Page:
Haemonchus contortus originally derived from an Ontario field strain was used to infect laboratory rabbits. Both ensheathed and artificially exsheathed larvae were given at doses of up to 10 million larvae per rabbit. Only artifically exsheathed larvae were infective and a dose of at least 50,000 was required to produce a significant level of infection.
H. contortus completed its development in the rabbit, but at a slower rate than in the sheep. Although a few fecund females were found 35 days after infection no eggs were observed on faecal examination. A high proportion of early fourth stage larvae were recovered from numerous rabbits including some which were examined well beyond a postinfection period when all worms should have been in the adult stage. This phenomenon occurred when freshly harvested and exsheathed larvae were used. Post-exsheathed cold conditioning of larvae at 5°C further increased the proportion of early fourth stage larvae (maximum proportions were found after 21 and again after 79 days of cold conditioning and thereafter declined). Whether such larvae were inhibited cannot be stated definitely. However, several of these larvae contained crystalline rods within their soma, and the structure of the crystals was similar to those previously described from inhibited H. contortus larvae recovered from sheep.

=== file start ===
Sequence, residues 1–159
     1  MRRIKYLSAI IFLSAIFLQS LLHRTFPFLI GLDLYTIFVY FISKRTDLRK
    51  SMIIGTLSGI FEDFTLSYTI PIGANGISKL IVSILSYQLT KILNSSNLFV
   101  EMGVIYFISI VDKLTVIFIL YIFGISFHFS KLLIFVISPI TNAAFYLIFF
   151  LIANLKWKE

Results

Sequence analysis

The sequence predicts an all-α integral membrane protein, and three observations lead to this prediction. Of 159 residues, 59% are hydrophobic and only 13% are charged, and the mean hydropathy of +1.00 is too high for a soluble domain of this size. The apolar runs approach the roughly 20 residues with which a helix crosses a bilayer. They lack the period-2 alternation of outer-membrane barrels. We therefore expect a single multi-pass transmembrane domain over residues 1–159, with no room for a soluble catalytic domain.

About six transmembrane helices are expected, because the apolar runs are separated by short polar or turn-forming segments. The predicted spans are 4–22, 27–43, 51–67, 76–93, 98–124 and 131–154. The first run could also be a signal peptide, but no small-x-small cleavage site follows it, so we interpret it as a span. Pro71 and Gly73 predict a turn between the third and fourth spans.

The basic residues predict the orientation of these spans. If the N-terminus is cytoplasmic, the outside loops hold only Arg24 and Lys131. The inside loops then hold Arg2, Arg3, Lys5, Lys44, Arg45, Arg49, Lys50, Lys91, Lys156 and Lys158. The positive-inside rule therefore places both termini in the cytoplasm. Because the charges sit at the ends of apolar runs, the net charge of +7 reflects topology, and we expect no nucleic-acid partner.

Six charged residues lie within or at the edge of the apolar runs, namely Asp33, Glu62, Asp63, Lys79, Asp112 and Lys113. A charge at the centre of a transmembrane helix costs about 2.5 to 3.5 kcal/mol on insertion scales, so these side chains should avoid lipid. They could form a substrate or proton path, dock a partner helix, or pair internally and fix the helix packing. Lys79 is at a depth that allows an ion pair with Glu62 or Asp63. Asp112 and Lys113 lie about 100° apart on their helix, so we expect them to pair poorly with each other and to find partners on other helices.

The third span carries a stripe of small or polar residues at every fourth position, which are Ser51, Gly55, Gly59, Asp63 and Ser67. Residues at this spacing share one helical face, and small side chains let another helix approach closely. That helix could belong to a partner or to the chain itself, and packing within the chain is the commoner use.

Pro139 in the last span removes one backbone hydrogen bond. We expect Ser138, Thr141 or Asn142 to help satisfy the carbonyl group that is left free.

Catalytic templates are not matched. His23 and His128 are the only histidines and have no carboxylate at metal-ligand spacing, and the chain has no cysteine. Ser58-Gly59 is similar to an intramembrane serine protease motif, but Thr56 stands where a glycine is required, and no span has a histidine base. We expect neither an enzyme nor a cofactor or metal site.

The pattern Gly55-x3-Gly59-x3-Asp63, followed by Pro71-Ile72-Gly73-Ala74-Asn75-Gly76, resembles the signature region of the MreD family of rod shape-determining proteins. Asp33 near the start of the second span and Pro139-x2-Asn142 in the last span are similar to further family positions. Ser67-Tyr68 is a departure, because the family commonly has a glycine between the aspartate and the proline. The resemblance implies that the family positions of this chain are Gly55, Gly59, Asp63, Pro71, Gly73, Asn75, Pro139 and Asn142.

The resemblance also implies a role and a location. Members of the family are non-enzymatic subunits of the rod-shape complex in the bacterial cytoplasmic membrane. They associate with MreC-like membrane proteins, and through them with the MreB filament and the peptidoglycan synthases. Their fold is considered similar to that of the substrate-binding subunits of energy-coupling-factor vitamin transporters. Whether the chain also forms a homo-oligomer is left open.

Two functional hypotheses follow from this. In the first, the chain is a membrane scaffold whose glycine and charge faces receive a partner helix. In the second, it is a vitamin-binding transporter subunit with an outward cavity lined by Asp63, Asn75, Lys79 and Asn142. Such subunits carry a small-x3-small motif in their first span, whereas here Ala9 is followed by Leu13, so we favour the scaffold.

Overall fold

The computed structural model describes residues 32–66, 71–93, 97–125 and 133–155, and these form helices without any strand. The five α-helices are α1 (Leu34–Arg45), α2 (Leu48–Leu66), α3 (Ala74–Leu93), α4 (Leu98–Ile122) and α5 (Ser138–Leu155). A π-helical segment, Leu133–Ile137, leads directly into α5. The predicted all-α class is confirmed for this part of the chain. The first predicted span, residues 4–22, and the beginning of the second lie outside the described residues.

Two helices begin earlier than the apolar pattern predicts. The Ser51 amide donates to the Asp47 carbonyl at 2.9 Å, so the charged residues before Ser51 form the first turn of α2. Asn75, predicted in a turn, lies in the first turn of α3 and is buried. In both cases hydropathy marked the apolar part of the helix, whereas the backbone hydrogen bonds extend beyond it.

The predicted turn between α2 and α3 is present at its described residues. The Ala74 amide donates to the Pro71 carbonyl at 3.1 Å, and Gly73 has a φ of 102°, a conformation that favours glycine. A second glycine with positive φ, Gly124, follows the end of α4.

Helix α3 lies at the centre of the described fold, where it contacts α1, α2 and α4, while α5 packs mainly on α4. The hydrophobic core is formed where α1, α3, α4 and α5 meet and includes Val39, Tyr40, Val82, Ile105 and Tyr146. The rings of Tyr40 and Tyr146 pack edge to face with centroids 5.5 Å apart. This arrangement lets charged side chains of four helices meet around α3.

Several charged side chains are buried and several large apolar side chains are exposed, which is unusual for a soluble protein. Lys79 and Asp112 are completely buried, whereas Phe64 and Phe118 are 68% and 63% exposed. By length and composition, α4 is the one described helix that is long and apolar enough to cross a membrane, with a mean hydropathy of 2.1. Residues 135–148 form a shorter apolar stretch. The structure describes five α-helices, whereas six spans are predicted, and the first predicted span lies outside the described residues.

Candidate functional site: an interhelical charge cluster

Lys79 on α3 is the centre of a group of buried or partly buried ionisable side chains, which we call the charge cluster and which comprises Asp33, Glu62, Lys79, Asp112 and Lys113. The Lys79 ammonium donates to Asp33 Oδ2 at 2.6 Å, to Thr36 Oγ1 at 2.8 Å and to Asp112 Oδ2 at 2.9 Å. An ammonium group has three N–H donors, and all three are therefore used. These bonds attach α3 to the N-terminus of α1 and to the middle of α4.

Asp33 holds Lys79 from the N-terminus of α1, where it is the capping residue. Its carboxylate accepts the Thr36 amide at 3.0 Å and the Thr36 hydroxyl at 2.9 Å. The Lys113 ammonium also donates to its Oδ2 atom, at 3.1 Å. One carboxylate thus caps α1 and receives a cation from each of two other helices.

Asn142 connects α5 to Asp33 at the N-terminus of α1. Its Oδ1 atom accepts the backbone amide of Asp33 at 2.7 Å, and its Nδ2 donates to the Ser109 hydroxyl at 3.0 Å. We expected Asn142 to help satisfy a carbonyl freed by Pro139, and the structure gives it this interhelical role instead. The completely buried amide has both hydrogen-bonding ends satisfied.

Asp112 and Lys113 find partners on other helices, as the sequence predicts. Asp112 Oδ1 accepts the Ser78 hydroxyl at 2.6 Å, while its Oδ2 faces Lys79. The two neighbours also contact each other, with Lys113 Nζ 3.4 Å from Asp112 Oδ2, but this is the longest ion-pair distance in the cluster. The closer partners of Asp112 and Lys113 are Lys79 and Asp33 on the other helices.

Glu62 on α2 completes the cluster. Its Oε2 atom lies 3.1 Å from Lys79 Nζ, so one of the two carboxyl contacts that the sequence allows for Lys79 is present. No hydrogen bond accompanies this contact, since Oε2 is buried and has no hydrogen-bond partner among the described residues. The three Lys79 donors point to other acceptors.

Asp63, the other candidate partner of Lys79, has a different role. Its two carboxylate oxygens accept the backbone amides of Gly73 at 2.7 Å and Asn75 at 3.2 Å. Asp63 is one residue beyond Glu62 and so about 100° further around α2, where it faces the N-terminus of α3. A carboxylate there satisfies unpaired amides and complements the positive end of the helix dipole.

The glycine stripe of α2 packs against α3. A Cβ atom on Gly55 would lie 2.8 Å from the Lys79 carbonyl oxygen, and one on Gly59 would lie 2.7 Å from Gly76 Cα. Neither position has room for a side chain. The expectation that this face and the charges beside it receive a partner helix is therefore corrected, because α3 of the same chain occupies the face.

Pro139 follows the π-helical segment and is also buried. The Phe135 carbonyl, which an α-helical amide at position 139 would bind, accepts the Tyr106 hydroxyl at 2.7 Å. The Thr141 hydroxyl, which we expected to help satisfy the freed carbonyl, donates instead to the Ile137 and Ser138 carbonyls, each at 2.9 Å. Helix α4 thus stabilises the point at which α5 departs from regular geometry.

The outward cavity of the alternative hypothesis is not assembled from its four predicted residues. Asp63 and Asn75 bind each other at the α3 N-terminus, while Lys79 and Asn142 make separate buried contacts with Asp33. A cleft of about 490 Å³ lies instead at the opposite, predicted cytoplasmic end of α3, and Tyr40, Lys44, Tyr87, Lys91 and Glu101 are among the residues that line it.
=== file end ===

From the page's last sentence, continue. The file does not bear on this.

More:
It was concluded that the laboratory rabbit could be a useful host for further studies on some aspects of the biology and pathogenicity of H. contortus.